Conceived in Liberty
“To every people the land is given on condition. Perceived or not, there is a covenant, beyond the constitution, beyond sovereign guarantee, beyond the nation's sweetest dreams of itself.”
Abraham Lincoln thought of America as “an almost chosen nation.” He believed that we had a providential role to play in the world that was almost as sacred as God's covenant with the Hebrew people. When he wrote the words of the Gettysburg Address, “...our fathers brought forth on this continent, a new nation, conceived in Liberty, and dedicated to the proposition that all men are created equal,” he did so because he held us to a greater purpose, a higher calling.
Since its inception, we have believed this country to be “the land of the free, and the home of the brave.” We have often fallen short of that mark—with our Native people, with our black and brown people, with our women—but we were still trusted around the world as a land where freedom rings. I feel very sad that, in the course of one week, we have allowed the destruction of the “sweetest dreams” of ourselves, and turned back two hundred years of progress. There is an older, deeper covenant to be honored here that is neither represented, nor respected, by the protectionism and cruelty of this new leadership.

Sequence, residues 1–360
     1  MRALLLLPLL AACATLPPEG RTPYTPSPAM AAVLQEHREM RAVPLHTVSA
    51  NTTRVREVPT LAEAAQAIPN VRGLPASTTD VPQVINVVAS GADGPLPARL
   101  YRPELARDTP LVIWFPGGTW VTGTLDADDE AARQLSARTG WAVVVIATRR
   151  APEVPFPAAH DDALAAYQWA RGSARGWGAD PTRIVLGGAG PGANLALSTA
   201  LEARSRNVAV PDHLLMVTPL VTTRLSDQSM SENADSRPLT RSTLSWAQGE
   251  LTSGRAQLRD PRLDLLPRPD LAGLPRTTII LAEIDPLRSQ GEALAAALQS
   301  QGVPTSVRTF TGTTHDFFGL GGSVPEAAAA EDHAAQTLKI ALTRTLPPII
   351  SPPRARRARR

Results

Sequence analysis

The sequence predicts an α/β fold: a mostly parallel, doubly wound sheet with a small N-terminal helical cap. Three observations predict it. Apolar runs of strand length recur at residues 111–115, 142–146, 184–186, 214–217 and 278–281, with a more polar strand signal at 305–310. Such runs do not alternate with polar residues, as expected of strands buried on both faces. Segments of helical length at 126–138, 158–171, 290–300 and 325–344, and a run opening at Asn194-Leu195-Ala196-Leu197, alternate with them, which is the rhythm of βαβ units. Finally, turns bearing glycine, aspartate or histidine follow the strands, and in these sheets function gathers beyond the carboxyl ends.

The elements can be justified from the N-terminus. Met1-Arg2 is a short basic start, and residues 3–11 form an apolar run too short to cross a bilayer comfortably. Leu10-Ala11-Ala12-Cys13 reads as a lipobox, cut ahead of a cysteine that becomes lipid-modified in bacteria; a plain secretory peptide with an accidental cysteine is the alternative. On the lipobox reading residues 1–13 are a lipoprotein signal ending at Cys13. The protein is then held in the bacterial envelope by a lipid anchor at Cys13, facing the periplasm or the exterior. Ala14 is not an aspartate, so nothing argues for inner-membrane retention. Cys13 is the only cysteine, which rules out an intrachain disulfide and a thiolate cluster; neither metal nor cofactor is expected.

Winona LaDuke, outspoken advocate for the preservation and protection of tribal lands, says this: “Whether you have feet, wings, fins, or roots, we are all in it together.” When a people do not honor the covenant between themselves and their creator, they lose the land they cherish. Consider for a moment the ancient text of the Old Testament and what happened to the Hebrew people whenever they went astray—they found themselves either in exile, in the wilderness, occupied by an enemy force, or worst of all, in captivity. All of us, whether footed, winged, finned or rooted, must do what we can to hold on to the promise of liberty and justice for all—or else, there may be liberty and justice for none.
In the Spirit,